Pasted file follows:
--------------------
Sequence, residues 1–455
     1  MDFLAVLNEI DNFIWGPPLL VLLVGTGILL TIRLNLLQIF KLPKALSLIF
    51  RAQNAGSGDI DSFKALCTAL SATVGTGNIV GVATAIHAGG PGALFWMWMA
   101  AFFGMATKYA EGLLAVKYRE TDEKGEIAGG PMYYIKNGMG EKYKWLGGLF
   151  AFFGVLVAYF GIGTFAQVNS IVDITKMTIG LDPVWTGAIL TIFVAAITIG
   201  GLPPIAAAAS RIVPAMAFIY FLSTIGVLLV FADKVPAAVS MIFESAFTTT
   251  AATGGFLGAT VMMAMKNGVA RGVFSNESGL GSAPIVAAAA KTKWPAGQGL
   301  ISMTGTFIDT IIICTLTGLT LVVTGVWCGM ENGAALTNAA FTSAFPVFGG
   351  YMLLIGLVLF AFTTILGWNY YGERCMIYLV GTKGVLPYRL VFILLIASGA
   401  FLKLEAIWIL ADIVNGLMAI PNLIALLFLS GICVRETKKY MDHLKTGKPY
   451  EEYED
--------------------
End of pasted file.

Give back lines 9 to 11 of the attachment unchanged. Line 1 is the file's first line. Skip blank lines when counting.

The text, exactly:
   351  YMLLIGLVLF AFTTILGWNY YGERCMIYLV GTKGVLPYRL VFILLIASGA
   401  FLKLEAIWIL ADIVNGLMAI PNLIALLFLS GICVRETKKY MDHLKTGKPY
   451  EEYED